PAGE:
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ABSTRACT. As Engemann and Wall explain, nearly every ranking of economics journals uses citations to measure and compare journals’ research impact. Kalaitzidakis et al. claim that potentially rankings that use a list of research journals with weights from a different period may produce biased and unreliable rankings for the current period. Kodrzycki and Yu develop a flexible, citations-adjusted and reference-intensity-adjusted ranking technique that allows a specified set of journals to be evaluated using a wide range of alternative criteria. (pp. 111–115)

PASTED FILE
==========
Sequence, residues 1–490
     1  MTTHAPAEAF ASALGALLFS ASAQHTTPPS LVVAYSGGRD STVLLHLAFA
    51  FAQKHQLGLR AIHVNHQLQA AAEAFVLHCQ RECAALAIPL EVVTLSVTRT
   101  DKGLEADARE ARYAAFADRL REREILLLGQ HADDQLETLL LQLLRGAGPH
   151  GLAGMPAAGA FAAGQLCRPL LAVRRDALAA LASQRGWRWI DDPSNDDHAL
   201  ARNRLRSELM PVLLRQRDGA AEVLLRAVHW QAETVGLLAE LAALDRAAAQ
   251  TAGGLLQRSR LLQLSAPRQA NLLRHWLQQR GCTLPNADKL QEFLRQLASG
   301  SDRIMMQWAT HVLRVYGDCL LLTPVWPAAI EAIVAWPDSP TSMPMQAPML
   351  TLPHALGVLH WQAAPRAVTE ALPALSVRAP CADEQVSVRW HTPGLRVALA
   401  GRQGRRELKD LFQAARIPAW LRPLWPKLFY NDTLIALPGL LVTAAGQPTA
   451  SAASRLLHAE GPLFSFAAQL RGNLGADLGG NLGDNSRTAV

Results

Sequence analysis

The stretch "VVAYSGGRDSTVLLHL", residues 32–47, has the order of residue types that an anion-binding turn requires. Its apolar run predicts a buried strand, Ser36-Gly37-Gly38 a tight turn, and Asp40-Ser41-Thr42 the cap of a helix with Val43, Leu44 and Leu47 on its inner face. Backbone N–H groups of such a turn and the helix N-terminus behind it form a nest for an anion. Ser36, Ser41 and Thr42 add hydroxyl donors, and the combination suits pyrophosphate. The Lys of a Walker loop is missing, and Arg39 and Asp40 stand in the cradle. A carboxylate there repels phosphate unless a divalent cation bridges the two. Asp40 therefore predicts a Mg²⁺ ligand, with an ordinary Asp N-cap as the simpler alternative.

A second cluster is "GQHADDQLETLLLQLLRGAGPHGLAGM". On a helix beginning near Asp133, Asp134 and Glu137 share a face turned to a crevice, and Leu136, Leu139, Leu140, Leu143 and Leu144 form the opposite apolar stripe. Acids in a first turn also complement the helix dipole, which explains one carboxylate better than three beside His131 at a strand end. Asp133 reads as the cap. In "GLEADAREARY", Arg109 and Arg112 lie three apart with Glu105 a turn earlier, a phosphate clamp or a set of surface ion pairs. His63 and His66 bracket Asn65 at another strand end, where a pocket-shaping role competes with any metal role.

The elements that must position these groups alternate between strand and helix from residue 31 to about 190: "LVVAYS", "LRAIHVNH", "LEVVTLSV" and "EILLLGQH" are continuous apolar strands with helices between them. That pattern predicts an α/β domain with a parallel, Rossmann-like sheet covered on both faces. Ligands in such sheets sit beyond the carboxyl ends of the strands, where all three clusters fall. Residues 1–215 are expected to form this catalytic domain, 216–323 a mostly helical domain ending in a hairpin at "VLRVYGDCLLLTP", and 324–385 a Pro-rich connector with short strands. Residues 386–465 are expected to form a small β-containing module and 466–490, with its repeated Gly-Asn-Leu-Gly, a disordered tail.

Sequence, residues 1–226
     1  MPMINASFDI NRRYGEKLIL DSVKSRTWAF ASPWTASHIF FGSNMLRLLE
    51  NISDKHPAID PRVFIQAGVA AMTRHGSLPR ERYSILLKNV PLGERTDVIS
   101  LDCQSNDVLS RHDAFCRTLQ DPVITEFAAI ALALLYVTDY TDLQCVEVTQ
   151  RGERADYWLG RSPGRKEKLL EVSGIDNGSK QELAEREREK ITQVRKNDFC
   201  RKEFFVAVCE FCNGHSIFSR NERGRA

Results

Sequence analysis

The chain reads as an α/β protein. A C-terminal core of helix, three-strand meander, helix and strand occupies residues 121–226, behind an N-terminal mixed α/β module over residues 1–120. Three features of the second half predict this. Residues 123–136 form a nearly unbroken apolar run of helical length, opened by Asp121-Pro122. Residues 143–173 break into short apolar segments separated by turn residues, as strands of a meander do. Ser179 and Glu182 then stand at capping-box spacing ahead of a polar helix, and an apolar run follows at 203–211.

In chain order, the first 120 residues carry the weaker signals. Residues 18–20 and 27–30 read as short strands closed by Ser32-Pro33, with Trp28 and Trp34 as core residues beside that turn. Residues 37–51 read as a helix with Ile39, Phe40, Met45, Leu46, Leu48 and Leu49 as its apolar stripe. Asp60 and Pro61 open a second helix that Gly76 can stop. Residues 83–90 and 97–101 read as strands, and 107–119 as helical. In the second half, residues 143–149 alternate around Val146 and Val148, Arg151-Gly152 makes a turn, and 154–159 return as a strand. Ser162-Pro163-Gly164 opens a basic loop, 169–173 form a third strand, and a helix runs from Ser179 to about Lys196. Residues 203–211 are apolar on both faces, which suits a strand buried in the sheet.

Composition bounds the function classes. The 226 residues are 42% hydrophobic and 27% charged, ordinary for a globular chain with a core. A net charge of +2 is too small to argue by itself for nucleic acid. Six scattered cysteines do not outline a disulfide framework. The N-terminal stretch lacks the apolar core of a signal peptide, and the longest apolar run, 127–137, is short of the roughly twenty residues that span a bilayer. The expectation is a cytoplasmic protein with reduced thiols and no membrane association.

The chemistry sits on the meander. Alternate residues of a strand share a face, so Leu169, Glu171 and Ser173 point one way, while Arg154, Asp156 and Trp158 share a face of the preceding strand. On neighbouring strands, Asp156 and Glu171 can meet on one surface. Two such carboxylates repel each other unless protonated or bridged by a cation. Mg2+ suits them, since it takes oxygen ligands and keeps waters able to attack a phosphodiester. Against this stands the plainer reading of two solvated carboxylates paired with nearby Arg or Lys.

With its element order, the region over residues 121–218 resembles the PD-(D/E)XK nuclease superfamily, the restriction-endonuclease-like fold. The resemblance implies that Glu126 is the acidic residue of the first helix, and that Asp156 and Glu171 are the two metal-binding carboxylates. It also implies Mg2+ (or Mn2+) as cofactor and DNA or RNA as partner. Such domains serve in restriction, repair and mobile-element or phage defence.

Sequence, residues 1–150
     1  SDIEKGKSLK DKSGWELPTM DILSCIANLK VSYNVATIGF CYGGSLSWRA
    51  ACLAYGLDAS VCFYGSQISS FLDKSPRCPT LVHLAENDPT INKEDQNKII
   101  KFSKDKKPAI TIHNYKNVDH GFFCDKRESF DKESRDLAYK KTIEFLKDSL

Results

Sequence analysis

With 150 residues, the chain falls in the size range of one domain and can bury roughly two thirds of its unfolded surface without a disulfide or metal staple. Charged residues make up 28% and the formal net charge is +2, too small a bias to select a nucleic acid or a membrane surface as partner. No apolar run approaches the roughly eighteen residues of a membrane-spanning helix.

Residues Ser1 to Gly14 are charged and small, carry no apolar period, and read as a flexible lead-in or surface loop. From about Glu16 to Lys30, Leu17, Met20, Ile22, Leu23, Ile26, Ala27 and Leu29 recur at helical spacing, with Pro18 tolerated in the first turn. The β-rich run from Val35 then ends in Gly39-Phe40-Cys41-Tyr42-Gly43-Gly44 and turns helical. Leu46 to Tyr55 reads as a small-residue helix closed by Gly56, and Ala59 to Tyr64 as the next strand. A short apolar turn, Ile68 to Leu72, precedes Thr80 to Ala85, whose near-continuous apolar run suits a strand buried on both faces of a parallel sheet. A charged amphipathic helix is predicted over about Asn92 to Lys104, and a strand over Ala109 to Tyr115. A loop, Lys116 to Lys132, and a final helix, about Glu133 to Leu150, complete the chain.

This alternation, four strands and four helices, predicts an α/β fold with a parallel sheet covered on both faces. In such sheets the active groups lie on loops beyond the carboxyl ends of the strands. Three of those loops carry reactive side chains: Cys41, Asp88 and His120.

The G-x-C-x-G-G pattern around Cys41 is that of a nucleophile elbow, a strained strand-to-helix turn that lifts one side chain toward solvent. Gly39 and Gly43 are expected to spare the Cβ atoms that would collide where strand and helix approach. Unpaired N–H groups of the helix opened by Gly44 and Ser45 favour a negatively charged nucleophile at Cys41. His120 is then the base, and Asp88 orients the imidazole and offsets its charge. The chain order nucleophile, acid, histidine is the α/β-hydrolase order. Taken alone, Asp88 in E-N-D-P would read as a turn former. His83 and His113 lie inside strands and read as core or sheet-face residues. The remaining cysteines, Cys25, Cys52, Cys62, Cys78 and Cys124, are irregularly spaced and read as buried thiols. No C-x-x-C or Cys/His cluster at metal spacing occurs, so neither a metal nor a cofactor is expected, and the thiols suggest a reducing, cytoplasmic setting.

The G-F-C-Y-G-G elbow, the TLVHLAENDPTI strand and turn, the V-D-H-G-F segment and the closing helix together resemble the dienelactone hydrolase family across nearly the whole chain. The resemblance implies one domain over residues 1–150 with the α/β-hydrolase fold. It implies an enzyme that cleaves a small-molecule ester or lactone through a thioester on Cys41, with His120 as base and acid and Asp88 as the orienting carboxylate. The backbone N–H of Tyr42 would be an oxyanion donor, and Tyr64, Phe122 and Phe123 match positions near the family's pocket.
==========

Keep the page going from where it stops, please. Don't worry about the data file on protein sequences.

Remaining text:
GEORGE LAZAROIU
SHU/CISR, Wittgenstein RC at AAP/CSA
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